Carson Yeung Ka-sing, the boss of English soccer club Birmingham City, made a big profit from running a hairdressing salon in a Tsim Sha Tsui hotel more than 20 years ago, a court heard yesterday.
Forensic accountant Ian Robinson said Yeung ran Vole at The Peninsula hotel and earned HK$4 million to HK$10 million between 1989 and 1991.
Yeung founded high-end salons in Tsim Sha Tsui after his apprenticeships at salons from Britain and France, the court heard.
Robinson is taking the stand for the 52-year-old businessman, who is accused of laundering HK$721 million through five bank accounts from January 2001 to December 2007.
Prosecutor John Reading SC challenged the credibility of the figures cited by Robinson, saying the information was given by Yeung without third-party confirmation.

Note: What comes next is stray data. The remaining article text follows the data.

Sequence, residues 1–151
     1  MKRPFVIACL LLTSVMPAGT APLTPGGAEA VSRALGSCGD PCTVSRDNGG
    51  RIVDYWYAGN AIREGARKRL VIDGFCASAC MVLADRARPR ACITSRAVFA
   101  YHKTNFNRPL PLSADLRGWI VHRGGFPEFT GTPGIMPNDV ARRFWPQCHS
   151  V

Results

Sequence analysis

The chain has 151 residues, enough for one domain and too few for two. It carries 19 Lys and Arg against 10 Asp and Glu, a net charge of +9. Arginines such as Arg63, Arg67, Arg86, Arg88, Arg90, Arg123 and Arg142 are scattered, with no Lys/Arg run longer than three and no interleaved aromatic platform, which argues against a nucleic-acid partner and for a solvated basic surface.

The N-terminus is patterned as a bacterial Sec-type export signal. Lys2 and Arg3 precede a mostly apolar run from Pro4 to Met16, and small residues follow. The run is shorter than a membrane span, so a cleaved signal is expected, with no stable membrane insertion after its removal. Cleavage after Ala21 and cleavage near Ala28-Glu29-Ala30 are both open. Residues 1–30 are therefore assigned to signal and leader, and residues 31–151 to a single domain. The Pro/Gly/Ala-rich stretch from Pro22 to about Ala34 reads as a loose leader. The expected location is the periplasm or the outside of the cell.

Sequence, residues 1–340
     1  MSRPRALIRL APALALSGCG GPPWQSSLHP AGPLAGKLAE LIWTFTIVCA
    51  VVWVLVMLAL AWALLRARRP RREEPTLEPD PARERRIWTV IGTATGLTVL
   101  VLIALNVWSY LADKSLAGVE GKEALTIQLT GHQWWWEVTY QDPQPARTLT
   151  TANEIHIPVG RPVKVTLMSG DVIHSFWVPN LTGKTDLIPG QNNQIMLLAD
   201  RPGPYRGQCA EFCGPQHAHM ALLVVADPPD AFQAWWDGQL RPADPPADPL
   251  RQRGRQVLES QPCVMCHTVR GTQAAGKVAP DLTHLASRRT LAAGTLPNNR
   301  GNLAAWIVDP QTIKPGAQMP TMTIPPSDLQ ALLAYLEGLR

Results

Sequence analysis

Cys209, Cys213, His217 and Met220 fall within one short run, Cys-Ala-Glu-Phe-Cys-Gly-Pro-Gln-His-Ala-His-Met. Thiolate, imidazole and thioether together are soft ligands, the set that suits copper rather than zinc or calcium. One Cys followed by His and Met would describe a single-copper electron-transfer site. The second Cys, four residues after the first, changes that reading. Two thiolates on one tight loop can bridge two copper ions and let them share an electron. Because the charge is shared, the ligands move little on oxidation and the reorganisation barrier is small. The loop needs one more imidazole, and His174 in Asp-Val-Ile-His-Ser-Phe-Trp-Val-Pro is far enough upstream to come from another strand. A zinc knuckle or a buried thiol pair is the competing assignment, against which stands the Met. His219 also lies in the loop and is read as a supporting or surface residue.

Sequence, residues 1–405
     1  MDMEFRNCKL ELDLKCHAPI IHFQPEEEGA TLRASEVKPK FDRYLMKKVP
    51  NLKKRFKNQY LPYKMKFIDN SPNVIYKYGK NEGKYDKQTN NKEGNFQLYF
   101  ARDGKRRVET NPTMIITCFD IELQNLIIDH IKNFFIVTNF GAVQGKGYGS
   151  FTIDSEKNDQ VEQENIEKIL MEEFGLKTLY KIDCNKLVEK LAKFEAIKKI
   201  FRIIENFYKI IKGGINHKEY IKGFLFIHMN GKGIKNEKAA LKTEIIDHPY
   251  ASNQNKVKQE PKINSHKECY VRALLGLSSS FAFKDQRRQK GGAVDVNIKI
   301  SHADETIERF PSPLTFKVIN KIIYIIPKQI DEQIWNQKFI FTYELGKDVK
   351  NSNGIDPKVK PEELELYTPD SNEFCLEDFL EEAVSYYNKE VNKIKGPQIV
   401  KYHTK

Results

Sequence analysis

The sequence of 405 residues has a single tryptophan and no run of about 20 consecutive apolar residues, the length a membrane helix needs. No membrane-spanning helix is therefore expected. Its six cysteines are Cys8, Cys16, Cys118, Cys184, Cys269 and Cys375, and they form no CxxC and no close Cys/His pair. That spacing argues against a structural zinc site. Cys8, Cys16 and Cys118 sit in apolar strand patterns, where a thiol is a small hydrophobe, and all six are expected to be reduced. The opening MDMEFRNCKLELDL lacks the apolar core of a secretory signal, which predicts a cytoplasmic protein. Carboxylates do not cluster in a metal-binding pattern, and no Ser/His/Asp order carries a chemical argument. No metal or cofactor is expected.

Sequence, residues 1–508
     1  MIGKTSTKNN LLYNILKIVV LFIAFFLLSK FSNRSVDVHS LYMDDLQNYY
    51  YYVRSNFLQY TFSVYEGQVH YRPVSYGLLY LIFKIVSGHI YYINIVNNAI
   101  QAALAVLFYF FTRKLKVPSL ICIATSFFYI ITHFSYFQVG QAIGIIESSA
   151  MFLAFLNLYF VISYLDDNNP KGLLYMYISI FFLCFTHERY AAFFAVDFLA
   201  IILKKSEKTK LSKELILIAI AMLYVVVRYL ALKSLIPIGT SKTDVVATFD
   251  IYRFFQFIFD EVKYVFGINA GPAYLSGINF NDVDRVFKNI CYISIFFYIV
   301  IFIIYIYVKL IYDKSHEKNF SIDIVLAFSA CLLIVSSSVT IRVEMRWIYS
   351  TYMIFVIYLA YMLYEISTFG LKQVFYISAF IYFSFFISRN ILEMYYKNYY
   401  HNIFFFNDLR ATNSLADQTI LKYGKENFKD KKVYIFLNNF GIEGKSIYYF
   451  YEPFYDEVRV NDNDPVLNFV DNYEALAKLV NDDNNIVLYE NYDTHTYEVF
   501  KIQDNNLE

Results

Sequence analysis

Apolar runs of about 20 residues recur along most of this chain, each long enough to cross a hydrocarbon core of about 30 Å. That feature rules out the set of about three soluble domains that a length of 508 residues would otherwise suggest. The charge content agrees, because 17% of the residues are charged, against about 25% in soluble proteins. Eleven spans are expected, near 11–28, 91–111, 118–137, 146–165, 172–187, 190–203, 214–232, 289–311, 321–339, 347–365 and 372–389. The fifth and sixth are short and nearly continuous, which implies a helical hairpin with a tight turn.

Earlier, in his opening remarks, Reading said Yeung opened a place called Vanity Hair Salon in Kowloon in 1997 and his taxable income that year was HK$335,229. In 1998, the salon suffered a loss.
But Robinson said his estimation was "conservative" given his experience of running businesses in Hong Kong.
Concluding his report, Robinson told the District Court: "[Yeung] does not fit the profile of a money launderer. He could not be considered a 'low income' individual.
"It is extremely unlikely he would agree to let others use his accounts to launder money by remunerating him with only a small sum of money."
Asked about Yeung's acquisition of the football club, Robinson said: "If you are a launderer … you do not want to put the spotlight on yourself."
In 2007, Yeung became executive director and chairman of Grandtop International Holdings, which is now known as Birmingham International Holdings.
The following year, Grandtop acquired 29.9 per cent of the issued capital of Birmingham City FC for HK$237 million.
The trial will continue on Tuesday.